Overview of housing system in Australia
Discusss about the housing Policy Issue of Australia.
Housing policy refers as government action to obtain housing objectives in a country. These objectives consider the development of housing quality along with stock of dwellings and dealing with insufficient homes for people. Thus, housing policy chiefly considers the condition and supply of the housing stock (Tighe, Hatch and Mead 2017). Housing affects the welfare system of Australia, especially in urban areas as well. The Commonwealth Government takes responsibilities to implement these policy levers for controlling housing demand. On the other side, state, territory and local governments take responsibilities to control housing supply based on policy levers (Beer et al. 2016). At present, the country has experienced insufficient supply of houses and consequently housing prices gave increased significantly due to excess demand in some well-known urban areas like Sydney and Melbourne.
This report intends to focus on housing policy issue of Australia through explaining recent government responses. Moreover, this report will discuss about potential policy options based on which further recommendations can be provided.
Housing policy of the Australia government tries to find reasons regarding housing market failures and welfare benefits of home ownership. The government of any country tries to adopt normative policy goal to provide adequate and appropriate houses by sufficient number to meet present and future excess demand. Main elements of housing policy in Australia are divided under three heads, which are, commonwealth, states and local (Gurran and Ruming 2016). Commonwealth government applies macroeconomic policy, industry policy and Commonwealth State Housing Agreement (CSHA) to fund the states and territories. State government considers public housing authorities, assistance to income buyers, public rental housing, planning and consumer protection. On the other side, local government applies zoning, advocacy and local affordable housing programs. Housing market has some exclusive features for which policy makers provide special focus on affordability and supply of houses for people of any income group. This specified market is different from markets of other products, as houses cannot be moved from one place to other. Moreover, this expensive and durable item takes long time to produce for which increasing supply of houses by large number within short period is not possible. Housing market in Australia is divided into various segments, based on degree of substitutability, dwelling characteristics, tenure and location. Moreover, tenures for houses are of two types that are rental and home purchase. A person in Australia either can rent a home or can purchase one (Bentley et al. 2016). Demand side factors that can influence a person to take rent or purchase a home are demographic change and other economic factors like income of the consumer, bank interest rates and so on. On the other side, supply of houses depends on availability of land, potential profit and construction costs.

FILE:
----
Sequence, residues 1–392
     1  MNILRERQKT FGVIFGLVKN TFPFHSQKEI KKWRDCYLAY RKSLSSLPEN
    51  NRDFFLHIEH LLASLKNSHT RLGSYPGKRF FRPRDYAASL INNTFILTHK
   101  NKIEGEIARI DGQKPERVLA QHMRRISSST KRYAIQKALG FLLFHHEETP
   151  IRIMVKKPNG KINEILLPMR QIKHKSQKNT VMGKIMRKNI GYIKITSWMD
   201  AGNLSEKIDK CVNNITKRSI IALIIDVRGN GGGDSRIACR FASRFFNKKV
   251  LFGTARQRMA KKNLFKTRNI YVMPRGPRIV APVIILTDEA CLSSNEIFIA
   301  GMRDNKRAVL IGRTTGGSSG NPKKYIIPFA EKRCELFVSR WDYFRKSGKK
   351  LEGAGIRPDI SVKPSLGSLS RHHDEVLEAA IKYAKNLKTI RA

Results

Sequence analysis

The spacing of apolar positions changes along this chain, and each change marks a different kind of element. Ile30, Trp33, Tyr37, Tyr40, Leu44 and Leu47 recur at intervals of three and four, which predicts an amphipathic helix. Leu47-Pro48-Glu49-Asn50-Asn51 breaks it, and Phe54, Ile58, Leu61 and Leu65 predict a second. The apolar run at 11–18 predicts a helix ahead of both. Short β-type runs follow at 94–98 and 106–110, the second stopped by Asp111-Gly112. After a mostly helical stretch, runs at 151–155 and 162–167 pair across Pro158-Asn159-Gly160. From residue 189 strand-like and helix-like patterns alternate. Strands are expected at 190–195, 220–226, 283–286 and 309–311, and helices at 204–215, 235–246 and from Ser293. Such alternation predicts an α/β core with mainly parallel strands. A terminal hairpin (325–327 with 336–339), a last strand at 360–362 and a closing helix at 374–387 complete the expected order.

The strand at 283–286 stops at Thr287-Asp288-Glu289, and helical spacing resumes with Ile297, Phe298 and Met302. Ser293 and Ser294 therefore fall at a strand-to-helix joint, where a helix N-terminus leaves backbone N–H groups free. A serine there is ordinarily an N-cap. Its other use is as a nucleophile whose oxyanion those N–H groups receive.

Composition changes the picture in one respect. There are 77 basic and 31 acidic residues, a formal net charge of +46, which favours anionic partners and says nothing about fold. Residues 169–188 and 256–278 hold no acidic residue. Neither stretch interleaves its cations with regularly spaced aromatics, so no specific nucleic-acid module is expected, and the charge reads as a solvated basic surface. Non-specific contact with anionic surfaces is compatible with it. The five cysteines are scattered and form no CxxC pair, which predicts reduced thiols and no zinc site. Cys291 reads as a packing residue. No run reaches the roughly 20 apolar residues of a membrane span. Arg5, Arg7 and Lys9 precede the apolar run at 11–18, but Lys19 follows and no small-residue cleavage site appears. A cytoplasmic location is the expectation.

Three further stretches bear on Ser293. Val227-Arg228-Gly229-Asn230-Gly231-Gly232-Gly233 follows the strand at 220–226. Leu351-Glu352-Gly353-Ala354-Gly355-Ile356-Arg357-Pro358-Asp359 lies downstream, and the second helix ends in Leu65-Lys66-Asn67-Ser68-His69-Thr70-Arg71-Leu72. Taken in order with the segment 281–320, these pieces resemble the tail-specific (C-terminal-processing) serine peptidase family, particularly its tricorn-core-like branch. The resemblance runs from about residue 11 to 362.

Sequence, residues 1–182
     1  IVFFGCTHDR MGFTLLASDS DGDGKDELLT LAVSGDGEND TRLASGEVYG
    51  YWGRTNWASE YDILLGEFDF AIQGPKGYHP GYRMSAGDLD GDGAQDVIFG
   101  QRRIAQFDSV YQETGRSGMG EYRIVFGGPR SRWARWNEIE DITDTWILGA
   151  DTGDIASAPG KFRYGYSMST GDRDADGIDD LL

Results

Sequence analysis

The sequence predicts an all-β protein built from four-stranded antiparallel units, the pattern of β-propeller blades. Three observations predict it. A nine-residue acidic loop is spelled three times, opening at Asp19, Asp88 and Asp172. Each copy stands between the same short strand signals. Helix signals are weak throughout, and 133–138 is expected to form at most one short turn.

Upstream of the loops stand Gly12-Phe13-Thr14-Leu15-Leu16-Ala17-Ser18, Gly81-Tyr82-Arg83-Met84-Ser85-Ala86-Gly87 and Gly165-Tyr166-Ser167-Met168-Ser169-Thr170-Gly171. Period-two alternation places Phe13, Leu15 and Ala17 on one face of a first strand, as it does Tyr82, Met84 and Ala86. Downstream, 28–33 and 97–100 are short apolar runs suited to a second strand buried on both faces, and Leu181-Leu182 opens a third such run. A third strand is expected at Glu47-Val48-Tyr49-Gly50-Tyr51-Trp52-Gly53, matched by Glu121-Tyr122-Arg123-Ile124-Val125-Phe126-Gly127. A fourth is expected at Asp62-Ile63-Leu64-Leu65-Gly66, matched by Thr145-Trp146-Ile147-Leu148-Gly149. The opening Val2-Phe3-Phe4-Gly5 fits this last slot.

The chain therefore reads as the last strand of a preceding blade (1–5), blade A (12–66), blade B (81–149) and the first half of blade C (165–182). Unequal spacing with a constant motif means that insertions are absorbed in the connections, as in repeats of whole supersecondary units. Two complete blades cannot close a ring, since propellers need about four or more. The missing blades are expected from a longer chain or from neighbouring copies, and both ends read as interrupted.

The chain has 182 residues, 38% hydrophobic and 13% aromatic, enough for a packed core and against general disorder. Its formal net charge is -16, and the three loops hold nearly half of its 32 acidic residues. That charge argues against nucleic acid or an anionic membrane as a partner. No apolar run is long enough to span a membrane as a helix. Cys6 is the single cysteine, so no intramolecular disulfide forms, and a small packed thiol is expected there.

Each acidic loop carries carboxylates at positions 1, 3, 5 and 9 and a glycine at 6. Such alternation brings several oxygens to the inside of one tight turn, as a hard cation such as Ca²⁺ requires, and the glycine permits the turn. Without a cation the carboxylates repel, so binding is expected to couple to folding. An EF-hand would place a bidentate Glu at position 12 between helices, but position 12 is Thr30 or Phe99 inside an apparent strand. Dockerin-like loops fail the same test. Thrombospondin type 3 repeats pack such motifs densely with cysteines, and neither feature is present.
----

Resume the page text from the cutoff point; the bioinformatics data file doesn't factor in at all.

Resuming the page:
Chief issue related to housing policy
In Australian housing market, structural changes have restricted people from accessing owner-occupation for first homebuyers in urban areas and consequently lower income households experience rental stress in the private rental market. Hence, policymakers have addressed challenges to ensure access of housing affordability for each person. To do this, understanding of excess demand for houses and excess pressure on government for creating houses have become an important issue. For the past few centuries, private sector has dominated housing system of Australia. Housing policies after the post-war period has supported to grow home ownership based on the tenure of choice (Dufty-Jones 2018). Moreover, public houses have provided lower income households a long-term alternative affordability. On the contrary, private rental housing has supported mobile and young households. Global trends of housing demand have increased significantly between the periods of 1980s and the starting period of global crisis in 2007. The chief reasons behind this increasing housing demand are increase in real income of households, decrease in nominal interest rates and growing capacity for borrowing among people. The housing market condition in Australia has been exacerbated due to excessive population growth and this in turn has increased demand for houses. Hence, increasing demand but stagnant supply of houses has led the housing prices in this country to increase further compare to the household incomes (Gurran 2018). As a result, access of home ownership among first buyers has reduced significantly.